Results: Text (4) Images (0)

You searched for

Modify your search terms or add filters

Filtered by

Sort by
Results per page
Results showing
1 - 4 of 4 (1 pages)
    Page 1 of 1
Republic of Congo and Democratic Republic of Congo

Elisabeth L. Cameron

Source: Berg Encyclopedia of World Dress and Fashion. Africa 2010

Encyclopedia entry

Before France and Belgium divided the area in the late nineteenth century, the Republic of Congo (capital Brazzaville) and the Democratic Republic of Congo (capital Kinshasa) were a continuous area that shared cultural traits, including fashion and body art. When the Portuguese arrived at the mouth of the Congo River in the late fifteenth century, they were amazed by the high quality of the raffia cloths produced in the Congo area. The Portuguese introduced European cloth and fashions, and two of

Kuba Dress and Textiles

Elisabeth L. Cameron

Source: Berg Encyclopedia of World Dress and Fashion. Africa 2010

Encyclopedia entry

Dress in the ter Kuba kingdom (Democratic Republic of Congo), whether daily wear or ceremonial, marks both rank and prosperity. Men’s and women’s festive dress is an ensemble of skirt, hat, and other beaded and decorated accessories. Rank is indicated through the use of specific items such as eagle or owl feathers, the wearing of certain skirt styles, and restriction of some metals. The density and rarity of added materials demonstrates the resources a family or clan can control and thus their af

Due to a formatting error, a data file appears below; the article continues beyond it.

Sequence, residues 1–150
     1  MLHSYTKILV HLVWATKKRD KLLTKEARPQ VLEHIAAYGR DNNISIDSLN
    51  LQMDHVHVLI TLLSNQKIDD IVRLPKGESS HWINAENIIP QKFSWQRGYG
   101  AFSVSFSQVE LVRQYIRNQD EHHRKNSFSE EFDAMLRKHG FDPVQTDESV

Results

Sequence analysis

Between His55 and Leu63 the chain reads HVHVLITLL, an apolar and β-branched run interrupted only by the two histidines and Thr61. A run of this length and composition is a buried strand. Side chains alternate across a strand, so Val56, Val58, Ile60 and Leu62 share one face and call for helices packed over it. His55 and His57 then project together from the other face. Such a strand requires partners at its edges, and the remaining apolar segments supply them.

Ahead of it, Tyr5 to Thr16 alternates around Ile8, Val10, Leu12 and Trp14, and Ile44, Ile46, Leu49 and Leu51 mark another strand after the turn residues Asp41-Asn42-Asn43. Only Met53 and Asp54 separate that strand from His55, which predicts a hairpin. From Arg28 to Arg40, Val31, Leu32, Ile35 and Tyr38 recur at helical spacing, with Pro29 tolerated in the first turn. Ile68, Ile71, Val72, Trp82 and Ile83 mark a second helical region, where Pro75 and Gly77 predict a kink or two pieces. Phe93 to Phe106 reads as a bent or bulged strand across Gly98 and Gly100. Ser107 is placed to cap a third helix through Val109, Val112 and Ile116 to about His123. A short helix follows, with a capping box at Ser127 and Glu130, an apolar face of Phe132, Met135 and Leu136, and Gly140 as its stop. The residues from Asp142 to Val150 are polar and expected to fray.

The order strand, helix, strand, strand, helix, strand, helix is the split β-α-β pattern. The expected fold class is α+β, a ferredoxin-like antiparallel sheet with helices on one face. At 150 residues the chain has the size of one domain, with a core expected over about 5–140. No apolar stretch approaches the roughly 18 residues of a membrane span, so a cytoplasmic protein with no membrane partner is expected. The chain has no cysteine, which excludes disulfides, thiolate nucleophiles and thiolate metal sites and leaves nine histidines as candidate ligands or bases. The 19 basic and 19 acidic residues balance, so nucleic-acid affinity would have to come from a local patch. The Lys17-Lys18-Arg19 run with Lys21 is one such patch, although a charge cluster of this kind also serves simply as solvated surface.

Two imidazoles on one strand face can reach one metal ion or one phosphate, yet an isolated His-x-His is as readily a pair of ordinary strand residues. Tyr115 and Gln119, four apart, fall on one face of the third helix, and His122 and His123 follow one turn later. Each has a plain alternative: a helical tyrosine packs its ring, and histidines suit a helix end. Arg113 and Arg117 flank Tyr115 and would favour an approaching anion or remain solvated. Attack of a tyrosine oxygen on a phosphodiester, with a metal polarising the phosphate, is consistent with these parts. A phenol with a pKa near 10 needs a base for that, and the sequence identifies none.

Sapeurs

Didier Gondola

Source: The Berg Companion to Fashion 2010

Encyclopedia entry

Mangbetu Dress

Enid Schildkrout and Curtis A. Keim

Source: Berg Encyclopedia of World Dress and Fashion. Africa 2010

Encyclopedia entry

In the early twentieth century, the Mangbetu and related peoples who live in the northeastern part of Democratic Republic of Congo became iconic symbols in the West of African high fashion. Their practices of head elongation and body painting and their wearing of distinctive fiber and feather hats, bark cloth, and women’s aprons were represented in their art works and in photographs and paintings by Western visitors. These images have persisted in the cultural iconography of the region until rece

Back to top
Results showing
1 - 4 of 4 (1 pages)
Page 1 of 1